Taking to various social media platforms, Afghans said that women were teaching and studying at universities before the establishment of Pakistan …reports Asian Lite News
Afghans across the spectrum, including common people, politicians, and activists condemned Pakistan’s Prime Minister Imran Khan’s recent comments over their culture made at the Organization of Islamic Countries (OIC) summit in Islamabad.
Khan on Sunday at the OIC’s session said that not allowing women to get an education has been part of the culture of the Afghan people and the world should respect that.
Taking to various social media platforms, Afghans said that women were teaching and studying at universities before the establishment of Pakistan, reported Khaama Press.
Some said that Kabul University has been founded in 1932 while Pakistan emerged in 1947.
A large number of social media activists posted photos and video clips of ancient Afghanistan where women would go to universities and schools and they were part of the cabinets in different governments, reported Khaama Press.
Former President Hamid Karzai said that the statements of Imran Khan are inflammatory and disrespectful and asked Khan to stop interfering in Afghanistan’s internal affairs, reported Khaama Press.
Afghanistan’s former ambassadress to Norway Shukria Barakzai also said that the comments show his lack of knowledge of Afghanistan’s history.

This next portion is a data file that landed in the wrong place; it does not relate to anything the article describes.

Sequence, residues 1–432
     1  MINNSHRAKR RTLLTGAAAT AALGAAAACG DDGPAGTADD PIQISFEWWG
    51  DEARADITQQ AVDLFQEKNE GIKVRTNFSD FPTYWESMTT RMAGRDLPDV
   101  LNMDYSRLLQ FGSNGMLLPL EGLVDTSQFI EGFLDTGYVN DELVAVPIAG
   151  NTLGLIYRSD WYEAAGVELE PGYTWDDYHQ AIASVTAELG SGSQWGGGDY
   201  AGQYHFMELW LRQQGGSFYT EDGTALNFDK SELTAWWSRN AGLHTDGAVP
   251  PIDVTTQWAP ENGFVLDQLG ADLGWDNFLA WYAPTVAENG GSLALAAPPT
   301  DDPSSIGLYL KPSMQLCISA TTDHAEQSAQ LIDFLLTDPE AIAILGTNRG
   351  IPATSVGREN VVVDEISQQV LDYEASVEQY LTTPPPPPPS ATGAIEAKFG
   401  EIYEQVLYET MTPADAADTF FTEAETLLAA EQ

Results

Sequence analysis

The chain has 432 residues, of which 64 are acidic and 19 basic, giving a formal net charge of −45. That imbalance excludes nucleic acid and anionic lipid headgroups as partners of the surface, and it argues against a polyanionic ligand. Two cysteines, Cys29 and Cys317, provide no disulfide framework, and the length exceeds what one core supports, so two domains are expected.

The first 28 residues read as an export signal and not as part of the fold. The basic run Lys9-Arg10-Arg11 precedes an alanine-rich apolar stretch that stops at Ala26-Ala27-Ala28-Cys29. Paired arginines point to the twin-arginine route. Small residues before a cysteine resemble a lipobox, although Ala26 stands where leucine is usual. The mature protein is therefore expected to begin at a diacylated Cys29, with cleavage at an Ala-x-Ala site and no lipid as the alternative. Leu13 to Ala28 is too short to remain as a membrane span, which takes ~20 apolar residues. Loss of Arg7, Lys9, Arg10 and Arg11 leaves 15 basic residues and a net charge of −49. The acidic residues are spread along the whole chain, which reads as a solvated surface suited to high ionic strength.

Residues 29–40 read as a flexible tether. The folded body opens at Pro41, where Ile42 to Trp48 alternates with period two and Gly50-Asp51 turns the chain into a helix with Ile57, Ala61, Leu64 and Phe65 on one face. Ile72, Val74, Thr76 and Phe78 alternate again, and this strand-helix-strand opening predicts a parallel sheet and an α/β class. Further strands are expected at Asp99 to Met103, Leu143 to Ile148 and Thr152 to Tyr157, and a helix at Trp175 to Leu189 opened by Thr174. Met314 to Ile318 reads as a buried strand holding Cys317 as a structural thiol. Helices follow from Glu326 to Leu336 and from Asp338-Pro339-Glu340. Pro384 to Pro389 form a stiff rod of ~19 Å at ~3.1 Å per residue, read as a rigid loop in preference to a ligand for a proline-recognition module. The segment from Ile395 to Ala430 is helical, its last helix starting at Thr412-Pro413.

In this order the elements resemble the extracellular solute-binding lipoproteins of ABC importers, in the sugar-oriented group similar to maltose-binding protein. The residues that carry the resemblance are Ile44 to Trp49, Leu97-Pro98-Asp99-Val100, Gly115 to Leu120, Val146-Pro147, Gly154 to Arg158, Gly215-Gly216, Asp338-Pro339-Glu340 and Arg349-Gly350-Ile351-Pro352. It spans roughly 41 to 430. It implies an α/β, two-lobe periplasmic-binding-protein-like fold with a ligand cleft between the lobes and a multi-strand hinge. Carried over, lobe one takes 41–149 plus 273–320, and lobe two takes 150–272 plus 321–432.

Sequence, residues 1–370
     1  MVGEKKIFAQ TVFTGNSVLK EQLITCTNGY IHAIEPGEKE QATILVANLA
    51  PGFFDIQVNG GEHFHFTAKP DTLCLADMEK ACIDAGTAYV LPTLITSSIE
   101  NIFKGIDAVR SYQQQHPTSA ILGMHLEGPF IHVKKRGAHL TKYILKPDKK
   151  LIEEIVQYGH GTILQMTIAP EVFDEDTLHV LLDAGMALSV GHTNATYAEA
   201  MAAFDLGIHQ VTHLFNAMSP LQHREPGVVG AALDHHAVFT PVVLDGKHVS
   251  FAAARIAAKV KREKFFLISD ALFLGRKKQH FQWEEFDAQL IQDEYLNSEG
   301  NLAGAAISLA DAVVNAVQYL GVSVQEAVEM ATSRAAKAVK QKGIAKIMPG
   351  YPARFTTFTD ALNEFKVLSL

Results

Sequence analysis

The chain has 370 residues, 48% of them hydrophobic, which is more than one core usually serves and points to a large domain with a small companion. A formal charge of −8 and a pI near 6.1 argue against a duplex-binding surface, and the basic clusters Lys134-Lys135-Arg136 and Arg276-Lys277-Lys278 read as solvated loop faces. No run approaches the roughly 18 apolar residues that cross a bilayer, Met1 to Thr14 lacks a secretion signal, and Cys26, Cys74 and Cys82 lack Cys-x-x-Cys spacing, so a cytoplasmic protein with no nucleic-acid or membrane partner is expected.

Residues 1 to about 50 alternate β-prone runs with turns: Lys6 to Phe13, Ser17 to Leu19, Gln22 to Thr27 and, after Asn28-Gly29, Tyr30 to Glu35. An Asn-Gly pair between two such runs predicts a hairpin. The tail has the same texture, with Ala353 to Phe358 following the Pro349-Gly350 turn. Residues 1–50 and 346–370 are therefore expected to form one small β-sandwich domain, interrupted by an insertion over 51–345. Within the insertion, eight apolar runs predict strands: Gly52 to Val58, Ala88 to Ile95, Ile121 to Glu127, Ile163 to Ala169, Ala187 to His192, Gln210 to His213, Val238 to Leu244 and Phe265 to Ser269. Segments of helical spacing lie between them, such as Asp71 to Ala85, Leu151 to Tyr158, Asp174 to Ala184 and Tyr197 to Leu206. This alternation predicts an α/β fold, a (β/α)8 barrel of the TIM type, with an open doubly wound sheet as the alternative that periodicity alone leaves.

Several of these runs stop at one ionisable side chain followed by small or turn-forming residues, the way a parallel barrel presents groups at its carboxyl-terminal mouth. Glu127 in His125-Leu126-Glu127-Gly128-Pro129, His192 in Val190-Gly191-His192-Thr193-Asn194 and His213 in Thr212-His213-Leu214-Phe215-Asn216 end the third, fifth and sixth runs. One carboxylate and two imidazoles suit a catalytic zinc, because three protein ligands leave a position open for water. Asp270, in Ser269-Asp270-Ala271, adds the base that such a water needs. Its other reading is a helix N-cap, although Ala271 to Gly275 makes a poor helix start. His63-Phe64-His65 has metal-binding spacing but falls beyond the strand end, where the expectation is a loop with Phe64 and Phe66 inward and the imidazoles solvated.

Leader of Pashtoon Tahafuz Movement (PTM) Manzoor Pashteen in a Twitter post also condemned and said that Imran Khan’s comments are false and negative.
Pashteen said that Pashtoons never denied education to girls nor denied their rights. “Stop this colonialism,” he wrote, reported Khaama Press.
Furthermore, activists on social media also reacted to Imran Khan’s statements and added that his comments are humiliation to the Afghan people and the Islamic system.
Taliban’s acting Foreign Minister Amir Khan Muttaqi on Monday downplayed remarks made by Pakistani Prime Minister Imran Khan at the Organization of Islamic Countries (OIC) summit in Islamabad that the Islamic State attacks Pakistan from Afghanistan.
Muttaqi said at a press conference in Kabul that the remark made by Khan is not an insult to Afghanistan. He added that his remarks were critical of the former governments, which may have therefore caused former government officials to feel compelled to show a reaction, reported Tolo News.
“It was a summit, everyone has an opinion,” said Muttaqi, adding, “Imran Khan criticized the former (Afghan) governments. I think officials of the former governments felt obligated to react, I don’t see (Khan’s remarks) as insulting.”
On Sunday, at the OIC Summit, Khan said, “We have had attacks from (the) Afghan border, from the Islamic State of Iraq and the Levant (ISIL), into Pakistan.”
Khan’s remarks sparked a response from former Afghan President Hamid Karzai and Afghans on social media.
Karzai called Khan’s remarks “an attempt to sow discord among Afghans, and an insult to the Afghan people.”
“Allegations that ISIS is active in Afghanistan, threatening Pakistan from Afghanistan, is clear propaganda and in fact the opposite is true. The threat of ISIS has been directed from Pakistan against Afghanistan from the very onset,” Karzai added in a series of tweets.
Muttaqi said that if the Pakistan PM meant that a weak Afghan government would not be able to control the Islamic State threat, that is another issue, and he hopes it will never happen. (ANI)